SEATTLE — Each year, four billion cases of diarrhea are associated with a lack of access to safe drinking water. Similarly, the U.N. estimates that nearly 900 million people receive their water from an unimproved source. One response to this issue is the Biosand water filter system.
Since professor David Manz of the University of Calgary pioneered the system, it has significantly reduced the leading causes of waterborne disease and death in the developing world. The Biosand water filter is composed of either a plastic or concrete container that holds sand and gravel to naturally produce clean drinking water.
The systems are specifically designed for household use and do not require electricity. Users simply pour surface or ground water through the filter, causing harmful organisms to naturally die off, and they can obtain water safe for drinking, personal hygiene and sanitation. The system can meet the needs of three or four families.
A typical Biosand water filter can produce between 20 and 23 liters every hour. The system costs about $100 for a complete installation according to Samaritan’s Purse, an NGO which has installed more than 120,000 Biosand filters in 24 countries.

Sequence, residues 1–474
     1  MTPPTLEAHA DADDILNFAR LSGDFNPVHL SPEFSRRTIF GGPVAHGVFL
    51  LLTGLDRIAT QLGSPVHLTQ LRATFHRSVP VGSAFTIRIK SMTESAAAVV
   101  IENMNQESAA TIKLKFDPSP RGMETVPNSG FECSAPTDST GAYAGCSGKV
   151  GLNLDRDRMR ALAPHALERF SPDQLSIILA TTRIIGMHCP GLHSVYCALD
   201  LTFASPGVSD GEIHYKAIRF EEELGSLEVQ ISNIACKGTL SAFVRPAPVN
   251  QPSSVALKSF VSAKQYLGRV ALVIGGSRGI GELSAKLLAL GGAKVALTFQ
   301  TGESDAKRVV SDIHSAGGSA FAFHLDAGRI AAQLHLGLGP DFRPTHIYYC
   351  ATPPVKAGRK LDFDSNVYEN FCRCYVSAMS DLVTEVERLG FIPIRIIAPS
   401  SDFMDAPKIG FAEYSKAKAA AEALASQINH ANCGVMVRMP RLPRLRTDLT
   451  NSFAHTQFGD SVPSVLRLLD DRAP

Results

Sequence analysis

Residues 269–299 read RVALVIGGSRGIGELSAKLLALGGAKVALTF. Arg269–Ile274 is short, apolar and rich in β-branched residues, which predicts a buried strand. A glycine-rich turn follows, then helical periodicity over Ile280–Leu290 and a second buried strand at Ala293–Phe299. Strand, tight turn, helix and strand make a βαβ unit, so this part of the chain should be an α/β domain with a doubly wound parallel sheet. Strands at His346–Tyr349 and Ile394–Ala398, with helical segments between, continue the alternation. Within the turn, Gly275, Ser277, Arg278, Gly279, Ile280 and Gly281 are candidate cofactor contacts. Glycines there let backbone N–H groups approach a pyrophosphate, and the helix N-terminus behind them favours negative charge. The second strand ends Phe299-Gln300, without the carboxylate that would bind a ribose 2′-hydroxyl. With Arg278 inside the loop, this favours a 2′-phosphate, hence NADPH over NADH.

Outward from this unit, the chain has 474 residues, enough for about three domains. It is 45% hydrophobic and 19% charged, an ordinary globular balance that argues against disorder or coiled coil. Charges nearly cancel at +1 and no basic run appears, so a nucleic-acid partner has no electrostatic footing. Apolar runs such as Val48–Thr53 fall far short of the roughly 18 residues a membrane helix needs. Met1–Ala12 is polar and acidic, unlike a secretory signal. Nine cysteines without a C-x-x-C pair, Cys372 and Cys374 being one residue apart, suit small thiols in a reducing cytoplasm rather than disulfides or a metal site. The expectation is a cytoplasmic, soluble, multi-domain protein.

Health impact studies on the filtration system have proven it to be effective, reliable and affordable. For example, in a study in Nepal, researchers at MIT found 99.5 percent removal of total coliform bacteria. Laboratory studies at the University of North Carolina indicated about 99 percent reduction of E. coli.
Similarly, studies in a Canadian lab report showed evidence of a 99.9 percent removal of protozoan parasites. The system’s effectiveness was recorded in the 2007 Health Impact Study in Cambodia, showing a 95 percent reduction of E. coli and 44 percent reduction in diarrhea.
According to professor Mark Sobsey of the University of North Carolina, Hydraid BioSand Filter technology is the best overall technology for the developing world. The Hydraid filtration system is unique in that it uses a lightweight plastic vessel rather than a concrete one. The plastic system is also more sustainable, produces more water, treats a greater range of water qualities, is easier to operate and less expensive than its concrete counterpart.
According to the World Health Organization (WHO) in 2008, reducing diarrhea and malnutrition from unsafe water could prevent the deaths of 2.2 million children every year. Biosand water filters have already reached more than 70 countries across Africa, Europe, Asia, North, Central and South America, the Caribbean and the South Pacific. Overall, the success of the Biosand water filter represents a huge step in granting people of the developing world access to clean drinking water.
– Liliana Rehorn